Arts / This ‘Dracula’ is no teen romance

VAMPIRES are all the rage these days, especially in teen fiction like “the Twilight” saga, but make no mistake Brisbane’s “shake and stir” theatre company’s Matilda award-winning production of “Dracula” is no romance.

Photo David James McCarthy

“CityNews” walked into a rehearsal at The Playhouse yesterday just in time to see actor Nick Skubij as Count Dracula, complete with a heavy Transylvanian accent, sinking his teeth into the neck of the innocent young maiden Mina.

Skubij’s Dracula, though appearing young, is ageless, powerful and socially aware in shake and stir’s take on the famous Bram Stoker novel, and emerges as a virulent opponent of the organised industrial society burgeoning in the Victorian era.

Mina. Photo David James McCarthy

As in the book, young lawyer Jonathan Harker visits Count Dracula at his castle in the Carpathian Mountains, but get more than he bargains for in the way of hospitality. Leaving Jonathan for dead, the Count travels to London on an ambitious and bloody quest.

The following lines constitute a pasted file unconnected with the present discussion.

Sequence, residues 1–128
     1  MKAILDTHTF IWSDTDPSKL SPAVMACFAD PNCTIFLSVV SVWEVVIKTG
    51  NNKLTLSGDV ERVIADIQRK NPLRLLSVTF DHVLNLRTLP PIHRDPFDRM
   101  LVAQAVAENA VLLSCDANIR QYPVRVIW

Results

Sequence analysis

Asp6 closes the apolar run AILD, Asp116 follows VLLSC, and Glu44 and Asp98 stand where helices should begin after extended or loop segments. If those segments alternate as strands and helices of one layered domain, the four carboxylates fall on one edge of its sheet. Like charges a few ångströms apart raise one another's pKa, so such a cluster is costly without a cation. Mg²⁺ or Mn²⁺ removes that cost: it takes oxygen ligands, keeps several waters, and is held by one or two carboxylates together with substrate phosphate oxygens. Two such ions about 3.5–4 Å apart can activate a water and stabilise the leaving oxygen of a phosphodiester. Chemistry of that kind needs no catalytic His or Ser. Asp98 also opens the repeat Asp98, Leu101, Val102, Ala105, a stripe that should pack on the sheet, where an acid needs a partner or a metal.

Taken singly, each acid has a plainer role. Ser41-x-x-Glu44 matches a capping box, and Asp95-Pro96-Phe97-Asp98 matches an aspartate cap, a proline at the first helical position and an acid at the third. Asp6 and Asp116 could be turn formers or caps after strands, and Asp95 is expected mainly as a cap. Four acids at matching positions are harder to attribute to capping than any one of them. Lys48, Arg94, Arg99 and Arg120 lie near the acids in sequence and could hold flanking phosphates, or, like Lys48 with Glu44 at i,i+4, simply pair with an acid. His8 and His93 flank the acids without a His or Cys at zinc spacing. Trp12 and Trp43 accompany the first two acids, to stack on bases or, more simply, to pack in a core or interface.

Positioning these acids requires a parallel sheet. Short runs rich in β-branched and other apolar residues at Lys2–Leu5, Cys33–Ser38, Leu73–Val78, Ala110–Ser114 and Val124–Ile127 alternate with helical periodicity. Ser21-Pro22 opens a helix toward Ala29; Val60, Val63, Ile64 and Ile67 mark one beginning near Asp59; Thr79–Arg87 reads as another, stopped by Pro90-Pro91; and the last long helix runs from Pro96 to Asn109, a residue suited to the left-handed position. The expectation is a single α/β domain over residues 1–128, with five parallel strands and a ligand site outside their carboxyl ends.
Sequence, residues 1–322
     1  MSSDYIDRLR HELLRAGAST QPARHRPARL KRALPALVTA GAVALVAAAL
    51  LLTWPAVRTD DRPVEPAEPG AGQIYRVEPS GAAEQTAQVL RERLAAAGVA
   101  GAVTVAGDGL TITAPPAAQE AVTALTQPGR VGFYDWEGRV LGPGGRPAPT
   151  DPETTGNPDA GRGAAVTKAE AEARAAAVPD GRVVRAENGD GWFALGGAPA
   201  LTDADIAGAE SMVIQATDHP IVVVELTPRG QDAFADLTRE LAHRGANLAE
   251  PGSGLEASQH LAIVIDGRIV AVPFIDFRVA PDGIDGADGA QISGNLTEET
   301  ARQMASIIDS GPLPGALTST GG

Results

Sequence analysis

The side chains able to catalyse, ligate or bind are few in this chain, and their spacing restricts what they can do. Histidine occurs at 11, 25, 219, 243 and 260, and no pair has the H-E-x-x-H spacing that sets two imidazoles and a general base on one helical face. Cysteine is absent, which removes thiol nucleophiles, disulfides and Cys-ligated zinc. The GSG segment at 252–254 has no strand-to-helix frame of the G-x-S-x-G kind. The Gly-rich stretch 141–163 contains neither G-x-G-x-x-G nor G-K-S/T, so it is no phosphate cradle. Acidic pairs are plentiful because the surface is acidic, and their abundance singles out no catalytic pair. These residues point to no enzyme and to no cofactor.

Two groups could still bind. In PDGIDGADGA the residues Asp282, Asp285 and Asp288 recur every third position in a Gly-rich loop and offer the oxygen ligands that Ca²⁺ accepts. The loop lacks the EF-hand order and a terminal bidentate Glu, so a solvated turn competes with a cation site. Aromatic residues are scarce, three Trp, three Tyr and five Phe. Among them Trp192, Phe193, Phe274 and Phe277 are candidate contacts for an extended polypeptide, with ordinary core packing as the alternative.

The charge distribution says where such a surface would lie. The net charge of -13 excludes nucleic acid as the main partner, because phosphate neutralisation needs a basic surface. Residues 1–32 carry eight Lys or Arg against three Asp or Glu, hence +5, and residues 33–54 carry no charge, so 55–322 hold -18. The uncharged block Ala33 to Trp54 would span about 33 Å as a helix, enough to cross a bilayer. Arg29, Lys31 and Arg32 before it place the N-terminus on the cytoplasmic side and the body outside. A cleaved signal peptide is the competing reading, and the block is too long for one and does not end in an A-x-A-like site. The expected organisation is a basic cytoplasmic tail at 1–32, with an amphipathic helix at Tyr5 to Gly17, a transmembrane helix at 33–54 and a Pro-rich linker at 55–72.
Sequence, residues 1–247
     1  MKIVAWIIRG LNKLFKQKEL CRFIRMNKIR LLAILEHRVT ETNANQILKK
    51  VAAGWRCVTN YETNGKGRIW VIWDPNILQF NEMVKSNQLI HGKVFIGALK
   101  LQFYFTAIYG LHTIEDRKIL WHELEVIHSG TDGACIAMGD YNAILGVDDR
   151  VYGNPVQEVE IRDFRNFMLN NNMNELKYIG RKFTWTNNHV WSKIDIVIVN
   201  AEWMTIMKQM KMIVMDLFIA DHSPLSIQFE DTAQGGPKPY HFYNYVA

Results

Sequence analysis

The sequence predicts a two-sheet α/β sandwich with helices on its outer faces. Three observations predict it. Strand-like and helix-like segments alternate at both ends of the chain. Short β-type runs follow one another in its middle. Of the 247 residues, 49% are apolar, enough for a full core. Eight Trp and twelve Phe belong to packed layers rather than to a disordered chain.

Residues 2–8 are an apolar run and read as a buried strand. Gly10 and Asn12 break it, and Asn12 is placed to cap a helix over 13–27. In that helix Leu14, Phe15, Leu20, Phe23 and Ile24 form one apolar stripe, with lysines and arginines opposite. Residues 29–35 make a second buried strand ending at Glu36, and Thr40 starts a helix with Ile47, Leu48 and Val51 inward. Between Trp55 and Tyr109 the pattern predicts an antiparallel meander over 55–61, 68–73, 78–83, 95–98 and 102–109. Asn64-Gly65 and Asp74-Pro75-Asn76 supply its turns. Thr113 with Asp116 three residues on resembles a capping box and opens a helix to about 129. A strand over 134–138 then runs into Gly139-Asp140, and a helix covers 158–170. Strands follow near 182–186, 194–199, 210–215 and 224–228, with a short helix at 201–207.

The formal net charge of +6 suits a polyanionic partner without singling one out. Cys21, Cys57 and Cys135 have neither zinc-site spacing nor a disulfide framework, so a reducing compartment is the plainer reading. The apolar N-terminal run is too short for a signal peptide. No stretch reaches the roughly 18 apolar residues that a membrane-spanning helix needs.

But is he a monster?

“You’re so much more than them, Mina”, Skubij/ Dracula was saying to Harker’s fiancée, taking a swipe at the polite London society in which she lives and urging her to “renounce this deathly existence – machines have extinguished life”.

Though billed as a “classic struggle between good and evil, innocence and sin”, this “Dracula” also pits originality against mediocrity.

As always, shake and stir stays close to the original book. “CityNews” has already seen its “Animal Farm”, “1984” and “Wuthering Heights”. Now its taken a leap into the realm of horror, but these are chills and thrills with a purpose. Viewers will just have to be there to find out how.

“Dracula”. Shake and stir theatre co. At The Playhouse, to April 29. Bookings to or 6275 2700.






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